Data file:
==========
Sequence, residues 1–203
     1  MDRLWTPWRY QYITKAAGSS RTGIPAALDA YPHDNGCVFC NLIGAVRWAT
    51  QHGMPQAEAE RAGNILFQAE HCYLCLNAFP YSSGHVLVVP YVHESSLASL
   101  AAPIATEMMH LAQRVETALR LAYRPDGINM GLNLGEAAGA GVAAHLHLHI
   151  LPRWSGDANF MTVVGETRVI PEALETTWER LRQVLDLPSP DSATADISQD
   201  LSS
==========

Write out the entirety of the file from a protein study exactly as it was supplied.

Sequence, residues 1–203
     1  MDRLWTPWRY QYITKAAGSS RTGIPAALDA YPHDNGCVFC NLIGAVRWAT
    51  QHGMPQAEAE RAGNILFQAE HCYLCLNAFP YSSGHVLVVP YVHESSLASL
   101  AAPIATEMMH LAQRVETALR LAYRPDGINM GLNLGEAAGA GVAAHLHLHI
   151  LPRWSGDANF MTVVGETRVI PEALETTWER LRQVLDLPSP DSATADISQD
   201  LSS